Feb 28, 2006 at 10:40 PM Post #4 of 4

slwiser

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Note that for I2S there appears to be a jitter specification and it seems to be the same as that for the S/PDIF specification of 75ps. I found a reference to this somewhere. Jitter will exist in both formats, no getting around it, the devil is in the details, design and execution of design.

I got this summary from Dan Lavry for a set of similar questions that I posted above:
__________________________________________________ ____

It is always helps to keep the physical cable and connector separate from the digital format of the signal.

AES and SPDIF are somewhat different formats, but they have a lot of similarities. The concept of clock extraction is very similar. From a hardware standpoint, the AES signal is around 2-5V (peak to peak)into 110 Ohms and the SPDIF is only .4V into 75Ohms. So the AES is signal has at least times the power of SPDIF (typically 40 times). That makes the AES more robust and more suitable for long cable runs.

In addition, the AES has a transformer coupling (a transformer in the signal path), and AES/EBU has 2 transformers, one at the driver side, the other at the receiver side. The transformers helps to decouple (separate) the grounds of various units. It also makes the transmission differential (balanced) so it does offer some advantages, certainly for long cable runs.

As a rule, an XLR carries AES signal format, and a coaxial carries SPDIF signal, but that is getting to be more of a historical fact. Many people use coaxial connection for AES and XLR for SPDIF.

Optical (toslink) is also capable of carrying either format. It was designed for SPDIF, but it can handle AES.

ADAT is another format, not compatible with AES or SPDIF. The ADAT is some multi channel format designed for optical link. It is less common then AES or SPDIF.

All the previously mentioned formats are single wire interface (though they carry at least a stereo signal, clock information plus some auxiliary data).

But once you look at an IC, say an AD or a DA, or a DSP, there comes a need to feed such IC's with more then just one serial signal stream. A typical DA IC would require data (possibly stereo), and a clock running at the sample rate, and also a clock running at say 64 times the sample rate, and yet another clock running at 256 times the sample rate...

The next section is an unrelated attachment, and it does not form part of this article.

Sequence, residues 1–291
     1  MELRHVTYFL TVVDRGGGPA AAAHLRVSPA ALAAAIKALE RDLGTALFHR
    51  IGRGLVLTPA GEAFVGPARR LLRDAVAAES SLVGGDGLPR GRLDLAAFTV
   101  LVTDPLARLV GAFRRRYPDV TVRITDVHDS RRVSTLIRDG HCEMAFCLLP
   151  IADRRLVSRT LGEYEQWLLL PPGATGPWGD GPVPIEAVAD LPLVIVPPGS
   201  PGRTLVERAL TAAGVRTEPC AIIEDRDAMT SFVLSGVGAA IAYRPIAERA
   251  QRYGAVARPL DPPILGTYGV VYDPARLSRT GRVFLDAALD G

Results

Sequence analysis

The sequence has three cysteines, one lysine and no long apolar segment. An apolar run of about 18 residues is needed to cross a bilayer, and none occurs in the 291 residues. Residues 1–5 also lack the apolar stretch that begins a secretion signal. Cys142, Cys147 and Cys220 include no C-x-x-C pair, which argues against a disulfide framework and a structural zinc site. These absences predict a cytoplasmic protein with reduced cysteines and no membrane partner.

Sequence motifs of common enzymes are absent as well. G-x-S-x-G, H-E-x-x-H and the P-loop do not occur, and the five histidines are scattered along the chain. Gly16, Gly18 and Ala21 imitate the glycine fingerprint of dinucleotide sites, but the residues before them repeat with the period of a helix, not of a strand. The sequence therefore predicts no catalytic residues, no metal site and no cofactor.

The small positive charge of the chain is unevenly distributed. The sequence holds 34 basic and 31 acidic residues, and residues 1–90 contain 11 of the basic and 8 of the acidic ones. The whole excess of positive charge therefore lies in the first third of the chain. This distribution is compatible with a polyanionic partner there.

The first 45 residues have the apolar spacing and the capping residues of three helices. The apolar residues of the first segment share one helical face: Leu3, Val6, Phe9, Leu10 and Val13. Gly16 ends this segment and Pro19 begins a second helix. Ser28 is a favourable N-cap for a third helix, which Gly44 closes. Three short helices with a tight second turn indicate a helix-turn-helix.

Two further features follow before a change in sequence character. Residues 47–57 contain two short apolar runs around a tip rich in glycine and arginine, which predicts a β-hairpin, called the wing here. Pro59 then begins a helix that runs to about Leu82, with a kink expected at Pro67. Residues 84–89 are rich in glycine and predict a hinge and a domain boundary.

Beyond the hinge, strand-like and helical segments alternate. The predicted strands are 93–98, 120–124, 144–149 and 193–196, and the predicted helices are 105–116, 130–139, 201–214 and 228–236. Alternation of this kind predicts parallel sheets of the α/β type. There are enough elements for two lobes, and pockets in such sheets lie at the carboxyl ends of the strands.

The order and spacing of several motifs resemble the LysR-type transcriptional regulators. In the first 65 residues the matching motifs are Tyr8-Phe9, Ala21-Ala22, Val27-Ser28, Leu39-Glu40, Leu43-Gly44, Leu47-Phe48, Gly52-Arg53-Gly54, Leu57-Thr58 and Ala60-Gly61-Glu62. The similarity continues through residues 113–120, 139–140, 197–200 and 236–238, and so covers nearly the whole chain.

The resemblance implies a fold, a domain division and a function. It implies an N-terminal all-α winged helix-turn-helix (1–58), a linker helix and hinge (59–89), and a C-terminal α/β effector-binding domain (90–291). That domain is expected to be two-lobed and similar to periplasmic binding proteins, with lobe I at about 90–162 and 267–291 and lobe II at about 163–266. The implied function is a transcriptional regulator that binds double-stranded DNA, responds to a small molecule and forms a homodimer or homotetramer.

This was just an example. Some IC's would expect 128 or 384 ratios... the point is that direct communication with and IC may require "separating” an AES or SPDIF into its "components" (3 or 4 signals). An AD will typically require rearranging such signals into a single data stream.

Now, the job of interfacing the internal DA or AD or sample rate converter, or a DSP... into or out of a single wire format is most often done by use of digital audio receivers and digital audio transmitter IC's.

There are a number of "internal format" (the separated data and clocks signals). There is a "left justify" format, there is a "right justify" format, there is "I2S format".

Interfacing via I2S does not make any sense to me. I realize that some company is selling such gear, but that format is designed for internal use. Having say 4 long wires between say a DA (or AD) carrying I2S can be big trouble, long wires (including drivers, imperfect terminations, receivers) is a receipt for picking up a lot of jitter. The usefulness of such arrangement calls for VERY SHORT INTERCONNECTIONS, typically a few inches of printed board trace length.

It is true that a single long wire carrying a signal is equally susceptible to jitter, but the better the gear, the better the jitter removal circuitry. I see no advantage to having 3 cables (I2S) over a single cable. In both cases you depend on the internal circuitry to remove jitter.

Regards
Dan Lavry